Paperback: 304 pages
Publisher: Pluto Press, 2019
Yugoslavia’s twentieth-century bore witness to civil war, sharp ideological struggles and a series of ‘partisan ruptures’; revolutionary events that changed the face of Yugoslavian society, politics and culture, which were felt on a global level.
This book is a comprehensive historical and political analysis of the three major ruptures; the People’s Liberation Struggle during World War Two, the self-management model and the Non-Aligned Movement. In order to understand what provoked and what came out of these revolutionary ruptures, Gal Kirn examines the implications of communism and socialism’s productive relationship, the Yugoslavian ‘experiment’ of market socialism that marked the political and economic shift towards ‘post-socialism’ already in the 1960s, which crystallised new class coalitions that will later on – together with austerity politics – lead the way towards des-integration of Yugoslavia.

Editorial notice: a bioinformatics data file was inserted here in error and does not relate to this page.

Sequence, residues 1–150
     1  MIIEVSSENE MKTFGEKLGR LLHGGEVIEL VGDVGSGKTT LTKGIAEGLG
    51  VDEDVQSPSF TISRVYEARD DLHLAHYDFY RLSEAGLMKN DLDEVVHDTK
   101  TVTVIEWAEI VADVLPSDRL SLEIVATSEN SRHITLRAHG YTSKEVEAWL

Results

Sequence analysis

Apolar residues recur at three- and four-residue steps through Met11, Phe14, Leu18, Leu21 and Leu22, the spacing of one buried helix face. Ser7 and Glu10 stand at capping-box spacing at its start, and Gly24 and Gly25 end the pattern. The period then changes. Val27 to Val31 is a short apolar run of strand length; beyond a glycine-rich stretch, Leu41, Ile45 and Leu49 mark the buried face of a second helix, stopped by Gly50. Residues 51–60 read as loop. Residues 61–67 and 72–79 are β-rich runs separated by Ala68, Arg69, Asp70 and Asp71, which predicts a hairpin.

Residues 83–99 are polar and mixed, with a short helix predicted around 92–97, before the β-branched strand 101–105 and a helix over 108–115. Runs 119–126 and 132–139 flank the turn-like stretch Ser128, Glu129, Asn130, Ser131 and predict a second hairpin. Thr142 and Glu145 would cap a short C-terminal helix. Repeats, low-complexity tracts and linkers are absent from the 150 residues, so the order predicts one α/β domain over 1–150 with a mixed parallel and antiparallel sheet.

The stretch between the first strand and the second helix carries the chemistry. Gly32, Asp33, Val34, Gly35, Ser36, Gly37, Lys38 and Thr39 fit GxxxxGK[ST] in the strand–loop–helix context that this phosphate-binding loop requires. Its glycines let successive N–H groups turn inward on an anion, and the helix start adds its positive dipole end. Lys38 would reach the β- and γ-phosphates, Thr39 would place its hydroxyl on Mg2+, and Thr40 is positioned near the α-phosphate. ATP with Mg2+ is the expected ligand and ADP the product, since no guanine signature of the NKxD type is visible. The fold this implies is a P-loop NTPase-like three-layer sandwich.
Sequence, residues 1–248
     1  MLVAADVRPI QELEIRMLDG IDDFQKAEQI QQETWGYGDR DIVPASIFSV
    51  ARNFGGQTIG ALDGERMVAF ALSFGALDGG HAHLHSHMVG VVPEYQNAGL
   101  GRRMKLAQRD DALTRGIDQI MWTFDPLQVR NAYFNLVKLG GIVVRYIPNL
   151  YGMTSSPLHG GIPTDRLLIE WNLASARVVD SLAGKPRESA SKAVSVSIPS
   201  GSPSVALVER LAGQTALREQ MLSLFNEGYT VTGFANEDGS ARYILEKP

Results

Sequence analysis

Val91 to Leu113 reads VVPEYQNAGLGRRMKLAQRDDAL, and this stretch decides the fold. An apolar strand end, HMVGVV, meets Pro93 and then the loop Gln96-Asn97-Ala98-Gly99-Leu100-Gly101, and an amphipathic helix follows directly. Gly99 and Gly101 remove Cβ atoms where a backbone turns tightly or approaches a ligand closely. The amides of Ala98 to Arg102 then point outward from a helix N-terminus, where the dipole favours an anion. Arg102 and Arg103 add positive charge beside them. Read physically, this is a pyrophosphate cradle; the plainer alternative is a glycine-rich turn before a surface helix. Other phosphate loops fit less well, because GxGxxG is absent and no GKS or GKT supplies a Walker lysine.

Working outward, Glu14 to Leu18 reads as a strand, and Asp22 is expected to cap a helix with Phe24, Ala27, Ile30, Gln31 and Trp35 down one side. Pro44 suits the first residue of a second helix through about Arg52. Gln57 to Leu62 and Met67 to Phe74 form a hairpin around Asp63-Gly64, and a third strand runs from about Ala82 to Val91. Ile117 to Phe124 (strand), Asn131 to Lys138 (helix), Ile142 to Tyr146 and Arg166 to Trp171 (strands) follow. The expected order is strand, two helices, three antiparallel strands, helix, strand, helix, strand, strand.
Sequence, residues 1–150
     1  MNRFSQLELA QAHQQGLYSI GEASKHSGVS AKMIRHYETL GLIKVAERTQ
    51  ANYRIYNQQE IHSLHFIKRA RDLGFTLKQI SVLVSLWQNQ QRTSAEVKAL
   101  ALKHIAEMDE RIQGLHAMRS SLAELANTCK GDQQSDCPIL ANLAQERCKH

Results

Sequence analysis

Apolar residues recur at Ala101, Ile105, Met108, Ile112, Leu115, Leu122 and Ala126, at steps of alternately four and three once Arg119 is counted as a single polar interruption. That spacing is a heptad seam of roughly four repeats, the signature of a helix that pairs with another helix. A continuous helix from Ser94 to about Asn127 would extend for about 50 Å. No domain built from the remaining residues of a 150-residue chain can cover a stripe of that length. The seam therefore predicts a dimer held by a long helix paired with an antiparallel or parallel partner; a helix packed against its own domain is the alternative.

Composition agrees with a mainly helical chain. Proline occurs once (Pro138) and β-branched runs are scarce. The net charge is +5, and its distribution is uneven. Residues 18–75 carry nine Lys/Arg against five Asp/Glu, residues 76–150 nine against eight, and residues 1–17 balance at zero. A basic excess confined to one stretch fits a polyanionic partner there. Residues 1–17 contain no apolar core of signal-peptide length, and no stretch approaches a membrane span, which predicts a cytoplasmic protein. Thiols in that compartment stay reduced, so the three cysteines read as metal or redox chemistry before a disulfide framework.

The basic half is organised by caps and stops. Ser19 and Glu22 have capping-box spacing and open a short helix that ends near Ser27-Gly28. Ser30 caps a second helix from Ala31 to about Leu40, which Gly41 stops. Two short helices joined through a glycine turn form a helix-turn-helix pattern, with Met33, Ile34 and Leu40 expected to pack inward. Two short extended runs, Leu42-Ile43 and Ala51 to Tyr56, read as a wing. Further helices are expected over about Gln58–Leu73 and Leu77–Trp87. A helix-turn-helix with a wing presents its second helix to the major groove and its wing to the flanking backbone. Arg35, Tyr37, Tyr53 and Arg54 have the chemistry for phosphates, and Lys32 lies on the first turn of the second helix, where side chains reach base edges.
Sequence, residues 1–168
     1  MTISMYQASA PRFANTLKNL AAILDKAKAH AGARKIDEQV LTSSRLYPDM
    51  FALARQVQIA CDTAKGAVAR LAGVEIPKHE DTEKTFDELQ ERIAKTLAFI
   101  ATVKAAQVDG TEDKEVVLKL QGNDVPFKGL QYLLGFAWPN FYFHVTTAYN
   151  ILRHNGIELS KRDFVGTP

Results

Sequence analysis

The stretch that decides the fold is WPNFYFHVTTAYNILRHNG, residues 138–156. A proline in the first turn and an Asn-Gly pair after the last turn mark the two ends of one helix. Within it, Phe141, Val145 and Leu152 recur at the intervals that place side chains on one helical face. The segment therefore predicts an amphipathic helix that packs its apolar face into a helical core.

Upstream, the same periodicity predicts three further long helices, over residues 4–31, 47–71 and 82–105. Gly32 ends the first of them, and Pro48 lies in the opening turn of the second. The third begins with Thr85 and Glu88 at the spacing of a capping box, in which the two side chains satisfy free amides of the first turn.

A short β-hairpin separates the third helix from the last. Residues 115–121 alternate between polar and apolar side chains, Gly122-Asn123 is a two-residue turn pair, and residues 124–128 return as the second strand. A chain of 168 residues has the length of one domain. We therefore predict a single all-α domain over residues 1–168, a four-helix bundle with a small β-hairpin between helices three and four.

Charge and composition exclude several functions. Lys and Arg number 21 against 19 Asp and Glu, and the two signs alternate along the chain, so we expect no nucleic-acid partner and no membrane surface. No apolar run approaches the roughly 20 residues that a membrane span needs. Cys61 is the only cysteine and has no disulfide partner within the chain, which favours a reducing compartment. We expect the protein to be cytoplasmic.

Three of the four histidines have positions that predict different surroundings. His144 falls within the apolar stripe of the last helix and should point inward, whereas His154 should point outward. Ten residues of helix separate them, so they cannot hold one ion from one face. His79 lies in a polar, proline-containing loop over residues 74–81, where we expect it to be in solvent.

Filling a much-needed gap in English language literature, this book’s interrogation of the Yugoslav socialist experiment offers insights for left projects and democratic socialist discussions today, as well as historians of Yugoslavia and revolutionary movements.
Gal Kirn is an open topic fellow at TU Dresden. He was previously a researcher at the JvE Academie in Maastricht, a research fellow at ICI Berlin and a fellow at Stuttgart’s Akademie Schloss Solitude. He has edited books on neoliberalism, Althusser, Yugoslav black wave cinema and theories of post-Fordism. He is currently finishing the book The Partisan Counter Archive and editing a book on riots.